The judgment also opens the way for politicians to attempt to claim damages even where nothing has been damaged. Zille was furious five years ago when 93 Cape metro police protested by travelling in a pre-planned convoy for two hours along the N2 highway, bringing traffic to a standstill. The protest was entirely peaceful yet if it happened today, the city could make an attempt to quantify the time spent by commuters in the traffic jam as money, and sue for these costs.
A similar scenario is already unfolding in Australia where unions are fined for every day of an unprotected strike. Under the guise of saving the public from “havoc and turmoil”, political leaders in New South Wales are currently seeking to fine unions the equivalent of R1.5 million for every day of a wildcat strike – raising the fine from the current R150 000 a day.
In Australia, workers are individually fined if they embark on unprotected strikes. Earlier this year, 13 companies that claimed to have been affected by a seven-day strike at a construction company sued more than 1000 Australian workers for striking. These workers were fined a total of R56 million, suspended for seven years – as long as they didn’t strike again during that time. In this case, private companies were able to argue that the strike had “disrupted work on a site of economic significance to the Australian economy”, the Australian newspaper reported last month.
The Mogoeng judgment in favour of the DA and police minister Nathi Mthethwa has clearly started South Africa down a similarly slippery slope.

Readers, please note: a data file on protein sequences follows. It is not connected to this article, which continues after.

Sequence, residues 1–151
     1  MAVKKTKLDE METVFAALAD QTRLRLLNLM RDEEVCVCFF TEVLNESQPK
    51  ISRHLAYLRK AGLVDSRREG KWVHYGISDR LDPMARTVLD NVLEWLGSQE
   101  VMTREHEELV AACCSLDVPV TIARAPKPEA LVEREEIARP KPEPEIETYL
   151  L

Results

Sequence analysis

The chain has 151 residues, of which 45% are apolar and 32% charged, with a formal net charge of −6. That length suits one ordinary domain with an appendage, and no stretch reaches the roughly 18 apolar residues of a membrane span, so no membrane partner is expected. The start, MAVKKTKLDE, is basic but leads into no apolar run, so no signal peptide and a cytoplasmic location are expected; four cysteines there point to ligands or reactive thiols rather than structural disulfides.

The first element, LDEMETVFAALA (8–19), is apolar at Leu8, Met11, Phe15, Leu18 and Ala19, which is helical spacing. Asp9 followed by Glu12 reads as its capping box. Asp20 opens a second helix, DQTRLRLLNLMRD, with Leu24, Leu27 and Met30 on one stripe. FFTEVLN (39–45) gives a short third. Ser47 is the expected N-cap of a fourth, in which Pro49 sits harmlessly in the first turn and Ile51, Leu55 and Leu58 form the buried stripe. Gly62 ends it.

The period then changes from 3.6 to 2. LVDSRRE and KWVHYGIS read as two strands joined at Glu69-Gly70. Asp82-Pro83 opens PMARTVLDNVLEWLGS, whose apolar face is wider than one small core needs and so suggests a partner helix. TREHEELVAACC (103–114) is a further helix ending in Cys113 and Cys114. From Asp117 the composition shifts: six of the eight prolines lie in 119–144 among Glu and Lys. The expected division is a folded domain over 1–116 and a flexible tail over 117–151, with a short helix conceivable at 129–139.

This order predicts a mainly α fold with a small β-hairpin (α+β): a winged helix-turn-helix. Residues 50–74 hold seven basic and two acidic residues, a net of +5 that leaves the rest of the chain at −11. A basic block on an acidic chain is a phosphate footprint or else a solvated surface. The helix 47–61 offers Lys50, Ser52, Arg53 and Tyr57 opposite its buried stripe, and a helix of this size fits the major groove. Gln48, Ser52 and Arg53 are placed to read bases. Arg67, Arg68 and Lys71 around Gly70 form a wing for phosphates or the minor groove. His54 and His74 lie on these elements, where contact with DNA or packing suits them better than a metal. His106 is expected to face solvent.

Majavu is a writer concentrating on the rights of workers, oppressed people, the environment, anti-militarism and what makes a better world.
Read more articles by Anna Majavu.
The South African government is looking at plans to step up its support for Palestine. The Minister of Arts and Culture, Paul Mashatile, made the announcement during a press conference in Pretoria last week to announce that a Palestinian delegation, including Mr. Mashatile’s counterpart, Siham Barghouthi, had met with representatives of the government and signed a cultural agreement between South Africa and Palestine. Plans for future cooperation include literature exchanges, exhibitions, language development programmes and heritage preservation initiatives.
In addition to increased cooperation with Palestinians, the South African government is also considering increased sanctions against Israel. “We want to step up our support of the Palestinians and are investigating a number of peaceful ways to upgrade this support,” Mashatile told The New Age Newspaper last week. “We have no problem about supporting the Boycott, Disinvestment and Sanctions (BDS) campaign against Israel.”
This will come as no surprise to those who are familiar with South Africa’s ruling African National Congress’s long-held position over Palestine. The ANC has been a supporter of the Palestinians’ struggle for freedom and independence for many years, not least, according to Mr. Mashatile, “because we count the people of Palestine among those patriots who stood by us in our struggle for national liberation”. Furthermore, legendary ANC leader Nelson Mandela said in 1997, “Having achieved our freedom we can fall into the trap of washing our hands of difficulties that others face. Yet we would be less human if we did so.”
The BDS movement succeeded in ridding South Africa of the minority Apartheid government; many prominent South Africans have therefore supported the BDS call against Israel, including Archbishop Desmond Tutu and former minister and freedom fighter Ronnie Kasrils.
The Palestinian delegation expressed their appreciation for South Africa’s support. “We are grateful for South Africa’s support for our efforts to become full members of the international community,” Siham Barghouthi told the press conference, “and we look to you for guidance in our ongoing struggle.”